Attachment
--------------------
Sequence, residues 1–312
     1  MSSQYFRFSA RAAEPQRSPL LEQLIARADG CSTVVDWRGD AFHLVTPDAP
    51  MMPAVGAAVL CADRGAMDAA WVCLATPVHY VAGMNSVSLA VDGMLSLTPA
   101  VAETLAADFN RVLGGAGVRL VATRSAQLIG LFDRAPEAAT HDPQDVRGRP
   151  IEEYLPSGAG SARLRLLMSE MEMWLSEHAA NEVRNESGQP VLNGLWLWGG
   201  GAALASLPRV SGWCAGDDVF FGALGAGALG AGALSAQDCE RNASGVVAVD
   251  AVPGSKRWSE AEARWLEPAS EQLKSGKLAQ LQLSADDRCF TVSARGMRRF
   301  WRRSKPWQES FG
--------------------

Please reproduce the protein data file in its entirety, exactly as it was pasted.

Sequence, residues 1–312
     1  MSSQYFRFSA RAAEPQRSPL LEQLIARADG CSTVVDWRGD AFHLVTPDAP
    51  MMPAVGAAVL CADRGAMDAA WVCLATPVHY VAGMNSVSLA VDGMLSLTPA
   101  VAETLAADFN RVLGGAGVRL VATRSAQLIG LFDRAPEAAT HDPQDVRGRP
   151  IEEYLPSGAG SARLRLLMSE MEMWLSEHAA NEVRNESGQP VLNGLWLWGG
   201  GAALASLPRV SGWCAGDDVF FGALGAGALG AGALSAQDCE RNASGVVAVD
   251  AVPGSKRWSE AEARWLEPAS EQLKSGKLAQ LQLSADDRCF TVSARGMRRF
   301  WRRSKPWQES FG